Washing Away Your Eczema

Research suprisingly shows household bleach can help improve this irritating skin condition.
By Maureen M. Salera

If you’ve suffered from severe chronic eczema, you know the cycle well. As eczema flares, it sucks all the moisture from your skin, leaving severely dry, cracked and itchy fissures in its reddened path. The raw and irritated skin creates a brittle environment that opens the door to infection. As your skin begins to ooze, crust and itch incessantly, you return to your dermatologist to seek relief.

Your dermatologist will likely prescribe topical and/or oral antibiotics to combat your eczema-induced infections. While these may work for you in the short term, you are often repeating the process a few weeks later when your eczema flares again. Then you worry about antibiotic resistance occurring with this repetitious regimen.

But did you know there could be another solution for you? And it could be hiding right underneath your kitchen sink?

The Role of Bleach

That’s right, household bleach may help stave off severe chronic eczema, according to a study that was published in the May issue of the journal Pediatrics . The study, which followed 31 children-ages six months to 17 years-who had moderate to severe eczema and concurrent staph infections, found that adding bleach to bathwater can significantly improve the inflammation and itching that characterize an eczema flare up.

The theory is that the bleach is not clearing the eczema itself, but the staph infections that are found on the skin of people with moderate to severe eczema, explains Amy Paller, MD, Walter J. Hamlin Professor and Chair, Department of Dermatology at Northwestern University’s Feinberg School of Medicine, and the study’s senior author.

During the study, half of the participants soaked in diluted bleach baths, while the other half soaked in placebo baths twice a week. All patients were also on a 14-day antibiotic treatment regimen and randomly received intranasal muciprocin ointment treatment to battle the staph infections.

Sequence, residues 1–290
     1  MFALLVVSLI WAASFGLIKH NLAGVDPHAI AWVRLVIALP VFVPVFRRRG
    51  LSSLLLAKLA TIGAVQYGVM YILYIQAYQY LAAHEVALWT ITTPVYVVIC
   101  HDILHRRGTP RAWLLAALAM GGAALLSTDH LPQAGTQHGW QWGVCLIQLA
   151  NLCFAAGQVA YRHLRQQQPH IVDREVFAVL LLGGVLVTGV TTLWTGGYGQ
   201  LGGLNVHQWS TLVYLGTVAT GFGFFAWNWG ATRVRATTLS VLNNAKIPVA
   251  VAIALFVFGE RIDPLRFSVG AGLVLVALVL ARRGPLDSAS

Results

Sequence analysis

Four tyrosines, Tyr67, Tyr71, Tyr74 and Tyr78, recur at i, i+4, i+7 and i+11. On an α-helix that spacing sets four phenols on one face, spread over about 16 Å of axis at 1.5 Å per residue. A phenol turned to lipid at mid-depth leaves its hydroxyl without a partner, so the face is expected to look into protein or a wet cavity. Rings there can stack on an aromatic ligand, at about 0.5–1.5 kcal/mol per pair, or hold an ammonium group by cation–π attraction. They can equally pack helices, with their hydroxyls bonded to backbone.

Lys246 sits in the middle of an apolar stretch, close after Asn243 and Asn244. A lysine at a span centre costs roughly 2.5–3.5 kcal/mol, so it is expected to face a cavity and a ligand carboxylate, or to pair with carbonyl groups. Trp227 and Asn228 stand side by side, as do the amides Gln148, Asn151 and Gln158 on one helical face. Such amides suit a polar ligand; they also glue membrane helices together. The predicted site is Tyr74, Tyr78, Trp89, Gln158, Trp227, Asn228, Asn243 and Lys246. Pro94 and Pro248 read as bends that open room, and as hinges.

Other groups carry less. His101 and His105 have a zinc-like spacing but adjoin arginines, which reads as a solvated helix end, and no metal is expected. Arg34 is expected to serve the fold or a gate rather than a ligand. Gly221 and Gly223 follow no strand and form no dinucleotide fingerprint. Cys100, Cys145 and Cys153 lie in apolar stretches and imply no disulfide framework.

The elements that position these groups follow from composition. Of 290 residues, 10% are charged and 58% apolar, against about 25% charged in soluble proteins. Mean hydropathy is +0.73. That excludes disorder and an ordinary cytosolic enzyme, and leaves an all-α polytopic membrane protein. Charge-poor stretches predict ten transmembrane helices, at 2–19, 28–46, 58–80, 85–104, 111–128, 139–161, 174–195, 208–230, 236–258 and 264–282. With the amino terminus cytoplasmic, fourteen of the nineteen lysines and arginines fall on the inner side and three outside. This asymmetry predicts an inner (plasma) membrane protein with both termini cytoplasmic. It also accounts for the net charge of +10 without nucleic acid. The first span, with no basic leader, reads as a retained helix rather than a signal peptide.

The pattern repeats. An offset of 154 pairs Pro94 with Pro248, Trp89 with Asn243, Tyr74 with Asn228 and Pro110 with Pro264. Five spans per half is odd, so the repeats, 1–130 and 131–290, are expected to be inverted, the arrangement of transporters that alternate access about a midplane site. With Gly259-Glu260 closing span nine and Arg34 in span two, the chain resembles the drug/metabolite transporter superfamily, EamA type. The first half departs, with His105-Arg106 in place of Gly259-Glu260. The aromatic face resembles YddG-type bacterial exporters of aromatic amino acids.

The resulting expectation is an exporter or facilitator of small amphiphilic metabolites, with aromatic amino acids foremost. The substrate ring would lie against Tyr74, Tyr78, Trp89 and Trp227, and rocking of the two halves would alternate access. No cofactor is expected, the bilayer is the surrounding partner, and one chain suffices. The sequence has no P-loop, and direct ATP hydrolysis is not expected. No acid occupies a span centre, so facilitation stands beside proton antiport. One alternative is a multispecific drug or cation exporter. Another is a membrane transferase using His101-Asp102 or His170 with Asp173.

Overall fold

After one month and then after three months, Dr. Paller and her colleagues noted that the participants who took the bleach baths showed a significant decrease in the severity of their eczema.

"We are talking about vast improvement," says Dr. Paller, who is also a professor of pediatrics at Northwestern. While the study participants on the bleach baths also received the antibiotic ointment in the nose, the

fact that the eczema improved dramatically on body areas submerged in the bath-and not on the exposed face-suggests that the bleach bath would be just as effective on its own, she adds. In fact,

she’s seen it work for years. "When I see oozing and crustiness in the cracks of kids’ hands and feet, I know that a bath tub with some bleach will mean that they are cleaned and healed the next time I see them," she says, adding that many of her patients don’t use the muciprocin ointment in the nose.

While Dr. Paller and her colleagues focused on children in the study, she says the bleach bath treatment would theoretically be equally effective for adults who suffer from moderate to severe eczema with accompanying staph infections.

The Regimen

To see if you’d be a candidate for the bleach baths, consult your dermatologist first to ask about how this might fit in with your treatment strategy.

If you get the go-ahead to try the bleach bath treatment, Dr. Paller recommends taking bleach baths at least two to three times a week. Daily bleach baths are ideal, she adds, but sometimes that frequency isn’t feasible. "Part of the strategy is that we want it to become routine," she says.

To make up the bath, dilute one-half cup of bleach into the water of a fully-filled, standard-size bathtub (and one-quarter cup if the bathtub is half full). "But, if you have a Jacuzzi tub, you have to increase the amount of bleach," she says. After you soak in the tub for five to 10 minutes, pat dry and moisturize your skin.

While Dr. Paller is a firm believer in the bleach baths, she offers a few cautionary points. If you are having a severe eczema flare with considerable raw skin, the bleach bath-or any bath-may sting too

much, so wait until your skin clears from the cracking. This may require a course of oral antibiotics and intervention with anti-inflammatory ointment, she adds. Also, she advises against ever putting undiluted bleach directly onto your skin.

Plus, the value of bleach baths has not been tested for people with mild to moderate eczema, she adds. Those people can adequately control their eczema with topical anti-inflammatory ointments and emollients alone, and are not as prone to infections, she says.

Maureen M. Salera, a former managing editor at ADVANCE , is a freelance writer in the Philadelphia area.

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